The women's Exergy Tour in Boise, Idaho, a UCI 2.1 race that boasts an international field of 2012 Olympic hopefuls, gets underway tonight with the 3.2km prologue time trial through the streets of downtown.
Four more stages – three road races and an individual time trial – follow before the race crowns its first-ever champion on Memorial Day. The race offers a $100,000 purse and important UCI points, which determine how may riders each country can send to the Olympics.
"The opportunity for these women here to score UCI points for their country is profound," said USA Cycling CEO Steve Johnson. "And most countries actually use performances by their top athletes at events like this to ultimately select the Olympic teams. So the individuals who are competing here will be competing both for their country's overall international rankings and for themselves, in terms of selection to the final Olympic team for their home country."
Although the looming Olympics are certainly on everyone's mind, most of the riders agreed that the race within a race wouldn't have too much affect on tactics or the ultimate results.
"The Americans ranked in the top five in UCI points are well spread over the top teams that are represented here," said Exergy-TWENTY12 team leader Kristin Armstrong, the 2008 Olympic time trial champion. "So I think that makes it a great opportunity for each of us to still play our role within our trade teams. Of course, at the end of the day, we want to get as many UCI points as possible, but I think with all five us here, if we race as hard as we can and as smart as possible and stick to our own team strategy within our trade teams, we're going to come out on top."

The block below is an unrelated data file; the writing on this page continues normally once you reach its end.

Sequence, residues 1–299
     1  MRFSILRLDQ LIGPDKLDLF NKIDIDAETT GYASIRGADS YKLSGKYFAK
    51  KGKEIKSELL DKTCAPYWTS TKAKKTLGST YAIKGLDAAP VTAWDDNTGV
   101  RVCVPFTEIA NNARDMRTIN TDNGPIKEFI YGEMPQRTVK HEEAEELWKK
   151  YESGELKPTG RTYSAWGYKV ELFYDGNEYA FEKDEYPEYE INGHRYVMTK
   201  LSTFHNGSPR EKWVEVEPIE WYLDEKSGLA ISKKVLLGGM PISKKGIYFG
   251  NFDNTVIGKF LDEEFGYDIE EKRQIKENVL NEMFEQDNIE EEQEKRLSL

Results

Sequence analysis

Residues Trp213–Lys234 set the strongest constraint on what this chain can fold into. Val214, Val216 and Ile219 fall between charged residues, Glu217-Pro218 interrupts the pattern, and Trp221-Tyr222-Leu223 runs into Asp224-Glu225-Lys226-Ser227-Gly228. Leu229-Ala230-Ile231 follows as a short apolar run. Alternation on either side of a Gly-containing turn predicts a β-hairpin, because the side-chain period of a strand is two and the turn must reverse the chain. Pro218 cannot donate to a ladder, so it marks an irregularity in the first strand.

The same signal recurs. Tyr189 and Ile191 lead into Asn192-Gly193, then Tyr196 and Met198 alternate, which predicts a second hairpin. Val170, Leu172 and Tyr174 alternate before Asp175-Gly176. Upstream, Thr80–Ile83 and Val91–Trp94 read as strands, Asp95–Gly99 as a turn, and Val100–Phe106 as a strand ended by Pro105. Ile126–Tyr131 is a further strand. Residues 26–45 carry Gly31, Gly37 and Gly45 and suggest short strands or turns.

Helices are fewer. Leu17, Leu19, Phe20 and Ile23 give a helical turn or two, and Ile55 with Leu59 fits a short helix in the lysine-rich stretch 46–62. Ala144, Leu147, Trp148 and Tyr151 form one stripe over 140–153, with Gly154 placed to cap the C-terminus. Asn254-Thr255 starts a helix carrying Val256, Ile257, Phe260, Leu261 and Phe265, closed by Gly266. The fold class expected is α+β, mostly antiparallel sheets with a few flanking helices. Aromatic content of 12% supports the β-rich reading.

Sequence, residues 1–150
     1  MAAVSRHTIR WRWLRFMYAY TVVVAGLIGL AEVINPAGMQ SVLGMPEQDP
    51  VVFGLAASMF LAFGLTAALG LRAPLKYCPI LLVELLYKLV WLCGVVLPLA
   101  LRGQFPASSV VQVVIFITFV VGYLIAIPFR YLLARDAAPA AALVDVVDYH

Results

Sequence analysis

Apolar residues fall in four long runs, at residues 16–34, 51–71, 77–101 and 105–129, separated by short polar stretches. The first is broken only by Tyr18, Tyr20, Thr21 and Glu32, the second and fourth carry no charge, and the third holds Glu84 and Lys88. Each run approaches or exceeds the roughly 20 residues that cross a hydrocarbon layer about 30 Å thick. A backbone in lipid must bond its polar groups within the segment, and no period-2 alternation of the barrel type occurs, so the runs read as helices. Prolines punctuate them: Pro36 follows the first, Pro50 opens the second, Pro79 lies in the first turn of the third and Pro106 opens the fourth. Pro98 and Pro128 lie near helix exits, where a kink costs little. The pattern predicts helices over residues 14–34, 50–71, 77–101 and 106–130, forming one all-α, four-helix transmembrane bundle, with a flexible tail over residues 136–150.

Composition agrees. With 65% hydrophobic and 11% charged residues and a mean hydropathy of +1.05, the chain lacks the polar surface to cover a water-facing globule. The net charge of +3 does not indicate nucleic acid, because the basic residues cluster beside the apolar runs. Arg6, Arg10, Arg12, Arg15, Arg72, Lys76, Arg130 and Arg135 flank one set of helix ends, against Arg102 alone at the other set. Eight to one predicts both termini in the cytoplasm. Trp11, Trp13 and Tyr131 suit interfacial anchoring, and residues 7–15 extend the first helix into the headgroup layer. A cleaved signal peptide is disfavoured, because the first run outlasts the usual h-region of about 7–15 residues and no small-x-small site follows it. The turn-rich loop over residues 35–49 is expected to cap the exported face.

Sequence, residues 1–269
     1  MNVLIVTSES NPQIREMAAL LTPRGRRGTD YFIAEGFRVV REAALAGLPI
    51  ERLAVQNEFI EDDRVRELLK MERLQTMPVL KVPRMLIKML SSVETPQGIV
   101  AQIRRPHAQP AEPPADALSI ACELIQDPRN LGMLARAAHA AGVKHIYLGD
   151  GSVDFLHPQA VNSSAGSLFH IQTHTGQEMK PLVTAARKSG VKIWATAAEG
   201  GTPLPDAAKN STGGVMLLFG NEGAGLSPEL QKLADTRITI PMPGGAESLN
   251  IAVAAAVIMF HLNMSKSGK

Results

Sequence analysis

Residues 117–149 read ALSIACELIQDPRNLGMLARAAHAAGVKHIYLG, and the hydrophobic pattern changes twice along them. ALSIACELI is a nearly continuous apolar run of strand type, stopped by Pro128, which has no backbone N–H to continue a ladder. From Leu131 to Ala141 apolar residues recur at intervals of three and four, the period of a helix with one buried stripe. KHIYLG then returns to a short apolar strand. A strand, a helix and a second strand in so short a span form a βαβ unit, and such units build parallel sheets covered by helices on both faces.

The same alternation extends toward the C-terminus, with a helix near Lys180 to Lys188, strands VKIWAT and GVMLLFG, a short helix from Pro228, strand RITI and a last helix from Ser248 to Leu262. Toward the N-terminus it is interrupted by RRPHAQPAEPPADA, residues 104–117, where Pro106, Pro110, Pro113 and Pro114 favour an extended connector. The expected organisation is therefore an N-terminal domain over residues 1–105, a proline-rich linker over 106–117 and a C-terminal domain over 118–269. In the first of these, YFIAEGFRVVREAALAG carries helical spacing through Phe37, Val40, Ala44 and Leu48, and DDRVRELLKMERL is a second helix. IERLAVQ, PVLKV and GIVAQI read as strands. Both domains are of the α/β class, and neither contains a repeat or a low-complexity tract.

TIBCO-To the Top team leader Megan Guarnier backed up Armstrong's thoughts, adding that the competitive nature of the riders and their trade teams would shine through during the week of racing.
"I think this is all going to be really aggressive racing," Guarnier said. "The courses are challenging enough that it will be aggressive from day one, and the GC battle will be on every day. The Sunday stage is a huge stage, it looks like, but I think every day is going to be a very aggressive race."
Armstrong, a Boise resident and the 2008 Olympic time trial gold medalist, will doubtlessly looking to build on the dominant performances she laid out recently at the Tour of the Gila and the Tour of California women's time trial, where she bested all but one rider by more than two minutes. Armstrong said racing at home gives her a definite advantage, in part because she gets to sleep every night in her own bed.
"I know the terrain, and I think with the conditions and knowing the wind, it is a leg up," she said. "But also having the community support behind me is really the biggest leg. Just imagining going up the prologue course and knowing that thousands of fans are going to there cheering me on, I'm going to use that every way I can."
The 2008 Olympic time trial champion will need every boost she can manage against a stacked field that includes fellow Olympic champion Nicole Cooke, the British rider who won the Olympic road race in 2008. Cooke said her five-rider Faren Honda team was looking forward to a high level of competition at the American race.
"When the calendar came out we saw that there was a new race here, and the level that we were going to race would be one of the premiere races on the whole calendar," Cooke said. "So this is a great opportunity to ride against the best riders in the world and continue our preparation for the season. It's a great platform for the European teams to come to America and race."
Another rider competing for the first time in the US is Mei-Yu Hsiao, the Axman Team Taiwan rider who has twice won the Asian Cycling Championship road race. Through her interpreter, Hsiao commented on the nice people and "big homes" in Idaho, as well as the riders she would be lining up alongside.
"I'm very excited and quite nervous to be racing with all these Olympic champions," she said. "It's quite a step up to compete at this level, but I am ready for it and I want to compete with you ladies. At home the level is a bit different, but we are catching up, so watch out you guys."